The families Stössel and Süss
The Stössel family was the largest and most influential Jewish family in Lockenhaus. Maier Isidor Stössel first (before 1856) bought the house Hauptstraße 38 and built a new one instead of the old one. To the right of the gate was the shop, to the left the leather store. Maier Stössel had two sons, Max bought the house Hauptstraße 13 in 1869, Wolf took over the business from his father. His father Maier Stössel bought the house Hauptstraße 21 from Anton Haubenwallner, converted it and built a Jewish prayer house with a mikva in the courtyard around 1880. The Jews of the whole area came together here at the main Jewish festivals. After the expulsion of the Stössel family in March 1938, the NSDAP set up its party headquarters in this house. The property fell to the community, the prayer house was looted and destroyed. After the war, the former residential house was bought by the master confectioner Heiling, the place of the former prayer house was bought by Ludwig Schranz. Today the house of the Kerschbaum family stands on this site.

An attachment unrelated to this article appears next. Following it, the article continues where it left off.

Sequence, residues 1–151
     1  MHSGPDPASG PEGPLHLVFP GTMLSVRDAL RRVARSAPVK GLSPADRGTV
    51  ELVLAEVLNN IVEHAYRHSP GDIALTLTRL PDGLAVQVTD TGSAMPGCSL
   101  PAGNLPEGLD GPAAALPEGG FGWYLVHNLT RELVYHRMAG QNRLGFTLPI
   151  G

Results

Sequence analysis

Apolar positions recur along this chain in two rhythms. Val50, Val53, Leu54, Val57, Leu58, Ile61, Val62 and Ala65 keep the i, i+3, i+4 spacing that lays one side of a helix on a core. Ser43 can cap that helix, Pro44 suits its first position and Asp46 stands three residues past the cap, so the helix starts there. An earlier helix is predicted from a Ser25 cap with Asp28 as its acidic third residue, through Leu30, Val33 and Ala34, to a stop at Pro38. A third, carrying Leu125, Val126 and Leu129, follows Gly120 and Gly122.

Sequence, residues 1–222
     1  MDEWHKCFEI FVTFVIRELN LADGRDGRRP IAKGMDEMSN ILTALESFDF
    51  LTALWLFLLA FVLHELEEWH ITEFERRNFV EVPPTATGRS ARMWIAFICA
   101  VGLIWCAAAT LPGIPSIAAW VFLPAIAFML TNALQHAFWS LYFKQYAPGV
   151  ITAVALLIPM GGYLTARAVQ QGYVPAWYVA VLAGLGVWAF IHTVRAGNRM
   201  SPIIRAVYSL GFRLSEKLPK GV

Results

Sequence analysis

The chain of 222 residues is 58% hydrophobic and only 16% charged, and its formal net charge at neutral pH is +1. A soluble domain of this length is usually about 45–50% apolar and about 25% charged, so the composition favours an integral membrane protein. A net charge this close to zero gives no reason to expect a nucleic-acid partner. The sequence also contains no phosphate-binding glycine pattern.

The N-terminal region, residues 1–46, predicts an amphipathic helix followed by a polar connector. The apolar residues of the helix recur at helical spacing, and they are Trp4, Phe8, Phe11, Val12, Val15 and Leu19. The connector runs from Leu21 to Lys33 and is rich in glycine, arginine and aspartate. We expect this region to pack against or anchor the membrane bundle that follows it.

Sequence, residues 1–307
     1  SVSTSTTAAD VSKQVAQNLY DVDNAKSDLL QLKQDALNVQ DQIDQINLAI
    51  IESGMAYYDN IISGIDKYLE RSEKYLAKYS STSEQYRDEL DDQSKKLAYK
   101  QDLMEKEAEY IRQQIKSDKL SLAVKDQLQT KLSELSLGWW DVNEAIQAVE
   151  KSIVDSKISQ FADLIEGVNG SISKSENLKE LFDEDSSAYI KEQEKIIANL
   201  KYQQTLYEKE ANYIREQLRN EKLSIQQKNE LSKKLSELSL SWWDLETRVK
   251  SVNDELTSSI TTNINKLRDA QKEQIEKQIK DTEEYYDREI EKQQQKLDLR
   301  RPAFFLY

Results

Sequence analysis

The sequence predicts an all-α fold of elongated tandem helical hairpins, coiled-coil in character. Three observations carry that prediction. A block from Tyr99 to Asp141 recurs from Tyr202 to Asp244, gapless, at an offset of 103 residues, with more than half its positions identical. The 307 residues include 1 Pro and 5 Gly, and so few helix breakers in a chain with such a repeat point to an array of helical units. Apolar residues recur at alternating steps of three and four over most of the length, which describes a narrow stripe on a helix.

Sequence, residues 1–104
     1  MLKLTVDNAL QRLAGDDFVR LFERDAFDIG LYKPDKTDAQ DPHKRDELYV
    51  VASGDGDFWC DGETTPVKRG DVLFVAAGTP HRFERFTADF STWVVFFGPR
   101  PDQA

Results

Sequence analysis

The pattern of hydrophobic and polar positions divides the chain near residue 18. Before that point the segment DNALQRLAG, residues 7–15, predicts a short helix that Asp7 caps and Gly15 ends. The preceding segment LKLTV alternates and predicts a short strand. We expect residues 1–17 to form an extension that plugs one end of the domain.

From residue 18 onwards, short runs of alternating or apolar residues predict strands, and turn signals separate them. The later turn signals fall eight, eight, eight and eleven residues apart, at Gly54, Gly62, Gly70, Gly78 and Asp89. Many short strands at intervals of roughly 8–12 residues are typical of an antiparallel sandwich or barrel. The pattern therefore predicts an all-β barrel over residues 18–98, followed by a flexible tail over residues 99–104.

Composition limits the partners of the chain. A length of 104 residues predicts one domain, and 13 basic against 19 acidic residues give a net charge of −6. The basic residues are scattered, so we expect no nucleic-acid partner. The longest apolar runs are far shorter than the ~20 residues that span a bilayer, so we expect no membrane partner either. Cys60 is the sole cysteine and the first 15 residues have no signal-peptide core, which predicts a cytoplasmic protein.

Max Stössel ran a cutlery shop (Hauptstr.13), besides he also traded with agricultural tools, Wolf Stössel ran a leather, flour and iron shop (Hauptstr.38). Both brothers became very wealthy. Because of the 1st World War and the following inflation the family of Wolf Stössel lost their property, had to sell their house and moved to Oberwart.